A natural earthquake of magnitude 2.5 occurred Saturday near North Korea's nuclear test site, the fourth such tremor since the North's most recent atomic explosion there, South Korean officials said.
The micro-quake occurred about 2.7 kilometers (1.7 miles) northeast of the Punggye-ri nuclear site in the country's northeastern province of North Hamgyong, the Korea Meteorological Administration said on its website.
"The quake is a natural one and it is believed to have occurred in the aftermath of the sixth nuclear test", it said.
Minor tremors have been detected after the North carried out its sixth and most powerful nuclear test underground in September, damaging geological structures in the area, it added.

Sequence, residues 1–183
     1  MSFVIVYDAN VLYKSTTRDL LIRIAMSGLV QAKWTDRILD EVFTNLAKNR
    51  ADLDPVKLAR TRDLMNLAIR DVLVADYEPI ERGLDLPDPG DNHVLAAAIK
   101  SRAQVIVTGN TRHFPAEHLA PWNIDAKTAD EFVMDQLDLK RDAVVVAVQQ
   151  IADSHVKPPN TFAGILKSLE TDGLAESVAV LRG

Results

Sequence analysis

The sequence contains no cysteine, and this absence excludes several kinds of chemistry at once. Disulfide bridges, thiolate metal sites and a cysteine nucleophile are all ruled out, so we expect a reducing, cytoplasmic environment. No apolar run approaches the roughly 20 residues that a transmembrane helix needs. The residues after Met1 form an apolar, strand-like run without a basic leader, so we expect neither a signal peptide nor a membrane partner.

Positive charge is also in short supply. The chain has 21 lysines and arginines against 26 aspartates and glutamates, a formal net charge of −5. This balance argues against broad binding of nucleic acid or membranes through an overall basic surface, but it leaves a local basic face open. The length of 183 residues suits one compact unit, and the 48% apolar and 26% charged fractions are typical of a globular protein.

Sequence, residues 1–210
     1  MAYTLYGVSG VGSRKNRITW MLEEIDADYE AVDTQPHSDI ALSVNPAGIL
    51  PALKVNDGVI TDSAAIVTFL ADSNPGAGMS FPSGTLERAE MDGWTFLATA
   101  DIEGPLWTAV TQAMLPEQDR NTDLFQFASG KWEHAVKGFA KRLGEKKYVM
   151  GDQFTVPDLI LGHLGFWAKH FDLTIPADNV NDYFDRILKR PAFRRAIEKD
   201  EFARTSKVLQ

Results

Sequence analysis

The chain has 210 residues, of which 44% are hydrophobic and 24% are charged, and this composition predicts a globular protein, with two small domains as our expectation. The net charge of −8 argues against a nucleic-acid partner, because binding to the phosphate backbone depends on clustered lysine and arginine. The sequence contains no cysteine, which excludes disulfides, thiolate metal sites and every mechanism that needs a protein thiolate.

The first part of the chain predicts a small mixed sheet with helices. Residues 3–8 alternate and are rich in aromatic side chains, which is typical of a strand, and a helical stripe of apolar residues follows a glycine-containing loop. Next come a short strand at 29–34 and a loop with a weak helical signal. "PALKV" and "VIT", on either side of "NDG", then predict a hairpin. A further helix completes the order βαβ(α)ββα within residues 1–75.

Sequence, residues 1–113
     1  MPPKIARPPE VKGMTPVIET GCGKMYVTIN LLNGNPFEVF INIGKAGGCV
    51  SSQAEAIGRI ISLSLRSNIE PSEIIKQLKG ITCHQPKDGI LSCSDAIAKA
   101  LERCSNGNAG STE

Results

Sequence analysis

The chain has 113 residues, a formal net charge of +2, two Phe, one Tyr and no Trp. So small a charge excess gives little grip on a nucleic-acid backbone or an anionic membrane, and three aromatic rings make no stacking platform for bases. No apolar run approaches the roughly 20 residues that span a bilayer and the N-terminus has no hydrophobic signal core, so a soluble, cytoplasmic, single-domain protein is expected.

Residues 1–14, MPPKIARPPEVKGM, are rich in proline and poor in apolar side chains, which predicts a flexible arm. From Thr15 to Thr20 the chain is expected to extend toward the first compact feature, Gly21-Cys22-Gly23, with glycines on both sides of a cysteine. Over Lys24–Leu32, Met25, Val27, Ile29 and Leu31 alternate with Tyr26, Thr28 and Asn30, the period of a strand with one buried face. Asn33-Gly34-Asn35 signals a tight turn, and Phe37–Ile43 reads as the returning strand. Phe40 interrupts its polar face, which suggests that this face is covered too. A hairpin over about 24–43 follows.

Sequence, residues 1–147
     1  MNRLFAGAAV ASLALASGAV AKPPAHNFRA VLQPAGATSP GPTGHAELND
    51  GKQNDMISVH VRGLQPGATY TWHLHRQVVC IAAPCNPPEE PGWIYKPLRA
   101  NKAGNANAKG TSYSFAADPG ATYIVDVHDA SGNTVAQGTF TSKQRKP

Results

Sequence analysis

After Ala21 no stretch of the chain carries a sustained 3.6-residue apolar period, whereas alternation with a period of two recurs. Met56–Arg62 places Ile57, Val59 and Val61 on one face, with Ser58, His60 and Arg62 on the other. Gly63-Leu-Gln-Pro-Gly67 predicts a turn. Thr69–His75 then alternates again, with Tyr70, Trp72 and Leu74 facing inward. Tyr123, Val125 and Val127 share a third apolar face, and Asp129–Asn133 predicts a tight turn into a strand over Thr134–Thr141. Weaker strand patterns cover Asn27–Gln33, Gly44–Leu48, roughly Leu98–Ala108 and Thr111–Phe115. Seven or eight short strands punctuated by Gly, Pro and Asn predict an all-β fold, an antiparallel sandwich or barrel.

Monitors at that time said the nuclear test created an artificial 6.3-magnitude earthquake at the testing site, which South Korean experts said was nearly 10 times more powerful than the 10-kiloton test carried out a year earlier.
North Korea's nuclear test site may be suffering from the geological condition "Tired Mountain Syndrome" following the latest atomic blast, but it is unlikely to be abandoned, according to the respected 38 North website.
Tired Mountain Syndrome is a name for the effect of below-ground nuclear blasts on the surrounding rock, which is extensively fractured and becomes increasingly permeable.